More rentals, hotels opening doors to pet owners
To many rental property and hotel owners, pets have long been considered a four-letter word.
But as more owners are seeking services that accommodate four-legged friends, the industries are loosening the leash when it comes to welcoming animals.
“The mindset used to be, ‘Pets are bad,' but it doesn't have to be that way,” says Paul Bellantoni, regional vice president of Morgan Communities, with rental properties all over the Pittsburgh region. “You just have to figure out how to make it work.”
At Morgan Communities' properties, that means dog parks, pet events, “doggy plunge” days at the pool, pet parades and parties, ice-cream socials for dogs, treats in the main office and waste stations.
Enthusiasm for embracing pet-friendliness varies depending on geography, Bellantoni says. Southern and western states are more accepting, whereas the northern part of the country is somewhat lacking, he says.
“There's a stigma that it costs a lot of money, that pets do a lot of damage, that it's bothersome to other renters,” he says. “The majority of properties we purchase, we change the pet policy. Some are very restrictive.”
The vast majority of renters are pet owners today, Bellantoni says, and alienating them is bad business.
For Elaine and Angel Acosta, the pet-friendliness at Rochester Village at Park Place sealed the deal when they were looking to move back to the Pittsburgh area from Denver.
“We started looking at rentals and saw that nobody wants to rent to people with pets,” Elaine Acosta says. “My dog is like my child. He is a member of the family, and we're not going to give him up.”
Cochise, the family's 90-pound playful and protective Vizsla, feels right at home in their Cranberry apartment. He loves stopping for treats in the main office and dresses up for the community's annual fall festival pet parade — this year as a ladybug. His owners appreciate the waste stations that allow them to go for walks without lugging around all the necessary disposal items and enjoy socializing with their neighbors, the majority of whom also have pets.
Property management “makes it really accessible and easy for you,” Elaine Acosta says.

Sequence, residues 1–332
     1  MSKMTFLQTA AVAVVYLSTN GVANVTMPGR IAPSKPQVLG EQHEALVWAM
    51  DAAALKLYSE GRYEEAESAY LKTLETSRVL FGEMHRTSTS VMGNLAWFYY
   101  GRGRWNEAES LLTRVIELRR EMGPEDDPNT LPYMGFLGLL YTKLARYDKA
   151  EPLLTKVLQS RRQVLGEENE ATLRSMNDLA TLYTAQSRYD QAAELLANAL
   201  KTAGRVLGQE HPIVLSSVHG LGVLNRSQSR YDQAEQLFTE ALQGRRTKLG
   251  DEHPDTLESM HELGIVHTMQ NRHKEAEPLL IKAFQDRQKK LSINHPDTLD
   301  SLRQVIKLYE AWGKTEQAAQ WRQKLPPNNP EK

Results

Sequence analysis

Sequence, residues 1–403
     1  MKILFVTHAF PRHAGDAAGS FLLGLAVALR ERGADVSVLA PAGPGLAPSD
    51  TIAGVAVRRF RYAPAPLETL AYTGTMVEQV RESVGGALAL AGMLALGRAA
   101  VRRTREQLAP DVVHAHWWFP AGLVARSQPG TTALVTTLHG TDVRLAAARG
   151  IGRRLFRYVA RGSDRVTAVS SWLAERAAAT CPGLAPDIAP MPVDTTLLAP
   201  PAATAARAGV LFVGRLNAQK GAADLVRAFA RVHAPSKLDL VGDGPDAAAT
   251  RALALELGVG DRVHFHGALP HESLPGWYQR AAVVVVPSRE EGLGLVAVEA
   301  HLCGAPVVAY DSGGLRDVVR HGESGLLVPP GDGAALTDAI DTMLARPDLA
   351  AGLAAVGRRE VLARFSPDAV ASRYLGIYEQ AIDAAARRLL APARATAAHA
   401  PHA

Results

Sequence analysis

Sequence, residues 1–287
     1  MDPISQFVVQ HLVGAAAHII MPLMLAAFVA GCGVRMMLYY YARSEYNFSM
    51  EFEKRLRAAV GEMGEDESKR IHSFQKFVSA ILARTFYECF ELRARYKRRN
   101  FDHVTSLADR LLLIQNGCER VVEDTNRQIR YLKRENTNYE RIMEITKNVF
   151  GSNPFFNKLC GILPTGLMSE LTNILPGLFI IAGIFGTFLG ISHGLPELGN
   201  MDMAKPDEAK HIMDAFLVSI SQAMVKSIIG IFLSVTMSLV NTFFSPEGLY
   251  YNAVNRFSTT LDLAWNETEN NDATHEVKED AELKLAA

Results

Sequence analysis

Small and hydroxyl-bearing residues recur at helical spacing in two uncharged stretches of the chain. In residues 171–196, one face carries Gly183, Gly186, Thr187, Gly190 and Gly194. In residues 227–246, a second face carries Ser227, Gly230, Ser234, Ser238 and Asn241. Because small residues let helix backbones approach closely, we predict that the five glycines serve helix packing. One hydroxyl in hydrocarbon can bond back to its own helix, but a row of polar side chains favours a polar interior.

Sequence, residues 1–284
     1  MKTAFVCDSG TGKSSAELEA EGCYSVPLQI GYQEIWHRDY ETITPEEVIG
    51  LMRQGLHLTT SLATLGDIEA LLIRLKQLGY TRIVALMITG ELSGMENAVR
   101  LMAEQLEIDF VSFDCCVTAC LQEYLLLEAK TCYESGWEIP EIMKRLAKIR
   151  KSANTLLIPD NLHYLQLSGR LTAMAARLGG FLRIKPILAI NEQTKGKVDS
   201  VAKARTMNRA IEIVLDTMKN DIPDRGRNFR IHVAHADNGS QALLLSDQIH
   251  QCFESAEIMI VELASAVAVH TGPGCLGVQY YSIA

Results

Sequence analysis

The key, Bellantoni says, is to create a balance so pet people and non-owners can coexist. Morgan Communities hosts events that are pet-friendly and fun for those without pets. They prohibit any breeds deemed “dangerous” by insurance providers and any animal that is “an intrusion to the peaceful enjoyment” of the property.
Pet owners are charged a monthly fee, which varies depending on the property but averages around $30 a month in the Pittsburgh region. That covers any damage repair or cleaning issues, though Bellantoni says those aren't as problematic as one might think.
“We find that pet owners are really responsible and take care of things on their own,” he says. “They're not letting their pets go crazy and tear up the carpet. They're not destroying our property. Occasionally, we do have someone who causes a problem, but it's like any other issue. We deal directly with that individual, and it's a done deal.”
Allowing pets also creates a more social environment, Bellantoni says, which is a goal among property owners.
“People congregate on the walking trails, in common areas — we see it all the time, and it's great,” he says. “One of our goals is to build a community within the community, so when we see that, we know it's working.”
Hotels are becoming more accommodating of guests with pets, too. Emily Kwong, director of front office at the Fairmont Pittsburgh, says guests often are surprised to learn that the luxury hotel allows animals. There are no restrictions — they've welcomed everything from bull mastiffs to Great Danes — and there is a $25 a night cleaning fee. During a typical weekend, about 10 percent of guests come with pets, she says.
“More and more, it seems pets are becoming an integral part of families' lives,” she says. “It's nice to be able to welcome the whole family, to build memories with them and really be part of the growth of their pet.”
In addition to the special amenities available for pets — dogs beds of all sizes, treats made by the in-house pastry chef — the Fairmont has its own canine ambassador, Edie, a 5-year-old boxer-Labrador retriever mix who's always ready to welcome guests, accompany them on walks and attend community events. Occasionally, she's joined by a guest's pet while their owners take some time for themselves.
“We offer them time to leave their pet with us for a couple of hours. We're well-equipped to take care of them or walk them to Triangle Park,” Kwong says.
A few blocks away at Kimpton's Hotel Monaco, everything from the Great Dane statue outside the entrance to the dog-themed decor in some of the rooms lets pet owners know they're welcome.
“We really think of the pet as an extension of the guests' family,” general manager Rob Mallinger says. “We offer welcome amenities like handmade dog treats, dog beds and silver dog bowls. We want them to feel not just that it's OK, but that we're actually excited about it. We're pet-friendly, not pet-tolerant. We don't charge a deposit. We don't care what breed or species it is. As long as it can behave when in the room, we offer amenities for any pet.”
To avoid bothering any guests who do not care to be around animals, the hotel devotes two floors specifically to guests with pets. The hotel's resident Dane, the statue created in honor of Pennsylvania's state dog, dons different outfits from time to time in celebration of special events and holidays.
In today's hotel industry, Mallinger says, ignoring the needs of pets is the same as ignoring the needs of people.
“It's nice to see more hotels doing what they think the guest actually wants,” he says.
Rachel Weaver is a contributing writer for Trib Total Media.